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Old 25th January 2005, 03:03 AM   #361
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Quote:
Originally posted by MarkMcK
I am rather skeptical of a 200 hour break in period. Think about it. First, if the driver continues to change over the first 200 hours, what possible reason do we have to believe it will stop changing after 200 hours?

Mark

Hi Mark. The FE127E is my first Fostex driver so I do not know how long break in will take. However, I have read on several occasions that the break in time is in the order of about 200 hours!

Since you have measurements at 20 hours, I think it would be great to get more measurments at 200 hours and compare the two. Since we are all human, I think there is a possibility that after 200 hours, people become acustomed to the sound and say it sounds better.


Quote:
Originally posted by MarkMcK
I assume ML stands for mid line.

Mark

The ML stands for Mass Loaded.

Keep up the GREAT work!

Gio.
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Old 25th January 2005, 03:09 AM   #362
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Quote:
Originally posted by MarkMcK
I assume ML stands for mid line
ML stands for mass loading. The restricted terminus does this. Augspurger showed that the mass loading increases the amount of suppresion of higher order resonant modes (ie increased the performance of the low pass function on the output of the terminus)

Quote:
If it does, then the testing is showing a possible problem with MLs. When fully damped, it is small and therefore probably can be ignored. When fully damped, however, low frequency output is way down. Reducing damping brings up the bass, but also shows much increased magnitude of a spectral repetitive narrow bandwidth dip and then peak. First instance occurs around 400 to 500 Hz.
The position along the line of the driver is used to cancel some of the TLs ripple. It properly positioned it will almost completely kill one of the harmonics -- usually one goes after the 1st undesirable one because it has the largest magnitude. In an ML-TQWT this is most often halfway. On an ML-TL is is usually closer to a 1/3. Tim has choosen 1/2 in this design. For folding it is quite convienient -- especially in a bi-pole.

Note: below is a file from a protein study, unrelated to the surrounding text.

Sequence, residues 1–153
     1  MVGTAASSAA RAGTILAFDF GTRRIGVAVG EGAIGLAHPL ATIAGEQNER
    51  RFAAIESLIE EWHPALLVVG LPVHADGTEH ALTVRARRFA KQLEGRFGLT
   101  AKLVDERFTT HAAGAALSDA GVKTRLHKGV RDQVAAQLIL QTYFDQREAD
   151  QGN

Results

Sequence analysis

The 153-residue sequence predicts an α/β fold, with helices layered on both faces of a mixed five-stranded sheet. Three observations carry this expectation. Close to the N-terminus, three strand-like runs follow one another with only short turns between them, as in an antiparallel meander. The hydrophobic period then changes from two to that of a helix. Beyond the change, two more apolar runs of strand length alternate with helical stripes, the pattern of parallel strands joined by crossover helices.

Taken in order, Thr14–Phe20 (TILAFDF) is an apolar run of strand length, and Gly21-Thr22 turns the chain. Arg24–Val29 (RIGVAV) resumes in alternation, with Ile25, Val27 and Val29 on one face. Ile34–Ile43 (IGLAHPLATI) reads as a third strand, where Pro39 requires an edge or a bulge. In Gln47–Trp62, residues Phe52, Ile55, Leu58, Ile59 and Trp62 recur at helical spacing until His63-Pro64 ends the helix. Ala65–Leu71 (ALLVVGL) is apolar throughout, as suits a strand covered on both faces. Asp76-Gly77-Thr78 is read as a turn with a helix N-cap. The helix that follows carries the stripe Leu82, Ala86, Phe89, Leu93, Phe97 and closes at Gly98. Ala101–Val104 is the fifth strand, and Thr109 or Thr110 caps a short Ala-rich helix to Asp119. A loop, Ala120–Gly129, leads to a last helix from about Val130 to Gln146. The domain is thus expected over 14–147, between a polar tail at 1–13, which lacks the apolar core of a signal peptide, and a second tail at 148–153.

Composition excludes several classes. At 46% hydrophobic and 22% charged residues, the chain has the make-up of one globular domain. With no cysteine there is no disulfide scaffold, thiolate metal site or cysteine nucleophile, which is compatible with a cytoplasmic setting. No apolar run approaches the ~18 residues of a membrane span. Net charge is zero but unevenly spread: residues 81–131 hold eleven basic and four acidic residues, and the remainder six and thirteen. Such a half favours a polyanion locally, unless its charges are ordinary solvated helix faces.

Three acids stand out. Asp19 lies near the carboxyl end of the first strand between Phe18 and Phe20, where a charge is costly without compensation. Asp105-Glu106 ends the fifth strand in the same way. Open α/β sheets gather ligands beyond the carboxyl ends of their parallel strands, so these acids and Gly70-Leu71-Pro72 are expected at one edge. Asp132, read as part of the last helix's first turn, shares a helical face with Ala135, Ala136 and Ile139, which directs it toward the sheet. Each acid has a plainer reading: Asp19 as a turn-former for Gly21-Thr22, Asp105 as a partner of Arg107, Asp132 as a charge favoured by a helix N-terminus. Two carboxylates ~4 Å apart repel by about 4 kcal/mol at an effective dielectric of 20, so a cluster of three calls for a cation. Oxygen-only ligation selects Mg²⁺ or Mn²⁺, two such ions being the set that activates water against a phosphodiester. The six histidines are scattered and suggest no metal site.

dave
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Old 25th January 2005, 03:13 AM   #363
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ML = Mass Loaded, a term coined by Martin King for his work on a restricted terminus quarter-wave pipe. I chose to use Martin's MathCAD worksheets because of it's availability to everyone on this forum and for the accurate modeling it can produce. This also gives everyone here the opportunity to try out the worksheets for themselves using the numbers provided and hopefully offering new and better ideas.
Dave's T-line website, Martin's Quarter-Wave website and G.L. Augspurger's articles for Speaker Builder are excellent places to do some reading on the subject.
My primary goal when using these tools is maximally flat bass response and good phase response while attempting to reduce harmonics in the pipe, in particular the third, first by driver placement then with stuffing.
Secondary goals may include the visual impact of the enclosure and ease of construction.
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Old 25th January 2005, 03:18 AM   #364
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Don't ya' just love overlapping posts!